Androids like Data, a Star Trek character, have recently been recycled into devices less humanoid but more functional – like Motorola’s new Android phone. But when Dr. McCoy’s not around, the best Android doctor might just be your nearest CPR.
Motorola, based in Schaumburg, Illinois, is a long way from the spaceship Enterprise. But their newest entry into the retail consumer market may just be the ticket to resuscitate the company’s gasping handset division. Remember “Data,” the peculiar humanoid android character on Star Trek who was one of the crew but never quite fit in? Motorola’s new Android-based handset doesn’t look much like Data, instead it resembles a smartphone, and has a different name, Cliq.
The Cliq comes with a lot of standard features, and even quasi-innovations. It has its touch screen and QWERTY keyboard, in this instance the QWERTY slides out from the side. Its five megapixel camera is said to produce sharper images than most other phones like Apple’s iPhone, which only manages three-megapixel resolution.
This widget is versatile, more so than any fictional character no matter how well-scripted. Motorola is attempting to lure away Blackberry loyalists from their arch-competitor. It’s a stab at the smartphone market worth taking, that’s for sure. But warranties? It’s unlikely that if it breaks, Motorola’s struggling handset division is going to want to “be there” for its own.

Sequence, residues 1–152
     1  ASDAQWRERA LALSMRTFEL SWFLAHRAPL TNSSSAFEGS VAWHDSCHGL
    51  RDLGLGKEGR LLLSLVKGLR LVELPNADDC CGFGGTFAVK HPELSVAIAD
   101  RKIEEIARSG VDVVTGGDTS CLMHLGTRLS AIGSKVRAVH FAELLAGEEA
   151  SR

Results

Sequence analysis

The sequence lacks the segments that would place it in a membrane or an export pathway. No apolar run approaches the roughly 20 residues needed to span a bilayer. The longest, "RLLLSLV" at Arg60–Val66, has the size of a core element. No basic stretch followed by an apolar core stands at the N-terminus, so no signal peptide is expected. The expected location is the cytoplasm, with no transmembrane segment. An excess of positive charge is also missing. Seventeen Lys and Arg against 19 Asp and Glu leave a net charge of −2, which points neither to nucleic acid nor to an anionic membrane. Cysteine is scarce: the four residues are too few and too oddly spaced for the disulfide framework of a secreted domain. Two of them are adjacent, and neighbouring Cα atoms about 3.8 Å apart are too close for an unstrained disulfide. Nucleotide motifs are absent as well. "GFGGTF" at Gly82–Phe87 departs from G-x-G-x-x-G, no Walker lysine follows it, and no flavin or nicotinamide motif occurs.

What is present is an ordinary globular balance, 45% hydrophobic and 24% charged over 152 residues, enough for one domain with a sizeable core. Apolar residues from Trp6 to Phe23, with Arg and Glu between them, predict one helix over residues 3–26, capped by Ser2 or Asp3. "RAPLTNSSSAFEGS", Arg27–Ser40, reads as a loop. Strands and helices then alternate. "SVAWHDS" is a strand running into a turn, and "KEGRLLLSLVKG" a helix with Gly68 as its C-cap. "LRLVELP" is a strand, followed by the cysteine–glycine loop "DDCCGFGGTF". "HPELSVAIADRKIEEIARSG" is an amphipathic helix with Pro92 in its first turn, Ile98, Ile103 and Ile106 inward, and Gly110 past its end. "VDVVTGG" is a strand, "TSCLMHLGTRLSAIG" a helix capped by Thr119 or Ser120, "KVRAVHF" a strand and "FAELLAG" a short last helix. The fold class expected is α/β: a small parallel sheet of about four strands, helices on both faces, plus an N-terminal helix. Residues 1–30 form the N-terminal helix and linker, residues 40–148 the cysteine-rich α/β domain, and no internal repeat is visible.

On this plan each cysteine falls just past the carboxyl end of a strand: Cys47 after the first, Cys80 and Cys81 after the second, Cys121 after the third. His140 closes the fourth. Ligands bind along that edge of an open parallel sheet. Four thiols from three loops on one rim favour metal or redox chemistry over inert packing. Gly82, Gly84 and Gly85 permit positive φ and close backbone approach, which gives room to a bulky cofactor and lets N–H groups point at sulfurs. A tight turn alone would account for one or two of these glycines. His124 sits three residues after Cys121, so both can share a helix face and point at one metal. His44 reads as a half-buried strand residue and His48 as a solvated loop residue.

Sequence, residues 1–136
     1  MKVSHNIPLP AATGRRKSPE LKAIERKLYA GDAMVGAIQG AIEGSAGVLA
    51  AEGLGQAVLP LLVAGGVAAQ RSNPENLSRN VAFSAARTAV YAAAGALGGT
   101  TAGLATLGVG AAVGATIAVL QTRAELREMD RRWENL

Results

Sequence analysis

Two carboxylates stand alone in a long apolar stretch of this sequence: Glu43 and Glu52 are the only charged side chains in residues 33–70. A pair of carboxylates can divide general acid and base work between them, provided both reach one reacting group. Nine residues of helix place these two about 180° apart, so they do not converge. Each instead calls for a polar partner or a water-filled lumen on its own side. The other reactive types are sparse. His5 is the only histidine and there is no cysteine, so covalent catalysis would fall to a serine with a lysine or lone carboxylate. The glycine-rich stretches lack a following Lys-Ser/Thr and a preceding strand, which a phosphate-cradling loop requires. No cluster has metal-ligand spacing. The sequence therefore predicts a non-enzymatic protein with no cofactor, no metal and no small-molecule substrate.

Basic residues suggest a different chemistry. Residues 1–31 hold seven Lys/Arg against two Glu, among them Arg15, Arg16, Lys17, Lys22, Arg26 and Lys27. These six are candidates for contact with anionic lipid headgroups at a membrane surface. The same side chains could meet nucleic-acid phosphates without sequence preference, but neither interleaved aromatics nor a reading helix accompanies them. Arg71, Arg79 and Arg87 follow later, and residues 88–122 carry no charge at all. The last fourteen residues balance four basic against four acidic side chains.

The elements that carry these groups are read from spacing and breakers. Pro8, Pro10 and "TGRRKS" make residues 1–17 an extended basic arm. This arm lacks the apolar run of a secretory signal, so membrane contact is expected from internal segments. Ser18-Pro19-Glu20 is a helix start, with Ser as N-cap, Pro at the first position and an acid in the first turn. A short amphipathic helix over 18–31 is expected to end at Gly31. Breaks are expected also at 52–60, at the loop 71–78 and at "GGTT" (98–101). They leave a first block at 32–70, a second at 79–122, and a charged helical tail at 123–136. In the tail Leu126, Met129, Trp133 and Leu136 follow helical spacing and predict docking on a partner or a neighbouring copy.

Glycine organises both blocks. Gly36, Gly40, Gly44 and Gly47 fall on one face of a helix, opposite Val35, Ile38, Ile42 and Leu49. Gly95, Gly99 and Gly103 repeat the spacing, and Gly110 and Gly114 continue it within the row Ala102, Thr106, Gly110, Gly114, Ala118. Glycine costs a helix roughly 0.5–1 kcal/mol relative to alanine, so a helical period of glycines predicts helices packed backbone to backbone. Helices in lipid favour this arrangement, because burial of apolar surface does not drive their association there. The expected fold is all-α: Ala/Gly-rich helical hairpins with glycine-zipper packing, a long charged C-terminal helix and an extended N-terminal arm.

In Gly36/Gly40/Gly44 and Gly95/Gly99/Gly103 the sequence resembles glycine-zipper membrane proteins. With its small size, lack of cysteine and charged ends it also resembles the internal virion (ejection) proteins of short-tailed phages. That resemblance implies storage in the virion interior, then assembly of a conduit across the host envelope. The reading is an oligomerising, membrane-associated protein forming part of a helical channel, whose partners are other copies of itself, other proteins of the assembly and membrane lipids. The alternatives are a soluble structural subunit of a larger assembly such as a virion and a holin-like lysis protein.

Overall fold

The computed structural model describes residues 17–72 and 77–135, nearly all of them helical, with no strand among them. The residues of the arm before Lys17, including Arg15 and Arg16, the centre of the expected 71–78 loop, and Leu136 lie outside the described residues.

CPR will be there though. Your most trusted name in independent repair shops for electronic devices is not going to leave Motorola’s Cliq lost in space. “I remember watching that show as a kid,” says CPR expert service technician Manfred Manifold, “It starred June Lockhart and Billy Mumy.” About saving DATA, and more recent science fiction-like technological innovations such as the Motorola’s Cliq, Manifold is much more succinct. “We salvage hundreds of Blackberries every day,” he says with a kind of charismatic robotic expression etched onto his Midwestern yet other-worldly features, “I don’t see why we can’t make those Cliqs start clucking if they’ve become a dummied-down smartphone all of a sudden.”
What would happen if your Cliq’s touch screen becomes untouchable? “I’d take it to CPR before I’d use a phaser on it,” Mr. Manifold concludes. An alternative theory may just be that certain CPR expert service technicians watch too much sci-fi on TV when they’re not working. As for android-based smartphones like Motorola’s Cliq, it might be wisest to search for the nearest CPR shop so you don’t lose any megapixels.